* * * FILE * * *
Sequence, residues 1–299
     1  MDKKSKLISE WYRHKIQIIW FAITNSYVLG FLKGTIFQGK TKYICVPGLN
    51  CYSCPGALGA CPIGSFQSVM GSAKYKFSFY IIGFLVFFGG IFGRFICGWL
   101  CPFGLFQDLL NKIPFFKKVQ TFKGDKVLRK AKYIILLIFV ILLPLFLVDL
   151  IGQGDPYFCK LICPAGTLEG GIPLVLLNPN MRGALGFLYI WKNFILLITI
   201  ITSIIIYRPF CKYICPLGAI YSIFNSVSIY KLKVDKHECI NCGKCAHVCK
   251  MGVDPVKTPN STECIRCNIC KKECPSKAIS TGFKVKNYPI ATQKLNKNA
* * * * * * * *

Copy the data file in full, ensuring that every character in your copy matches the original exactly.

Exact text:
Sequence, residues 1–299
     1  MDKKSKLISE WYRHKIQIIW FAITNSYVLG FLKGTIFQGK TKYICVPGLN
    51  CYSCPGALGA CPIGSFQSVM GSAKYKFSFY IIGFLVFFGG IFGRFICGWL
   101  CPFGLFQDLL NKIPFFKKVQ TFKGDKVLRK AKYIILLIFV ILLPLFLVDL
   151  IGQGDPYFCK LICPAGTLEG GIPLVLLNPN MRGALGFLYI WKNFILLITI
   201  ITSIIIYRPF CKYICPLGAI YSIFNSVSIY KLKVDKHECI NCGKCAHVCK
   251  MGVDPVKTPN STECIRCNIC KKECPSKAIS TGFKVKNYPI ATQKLNKNA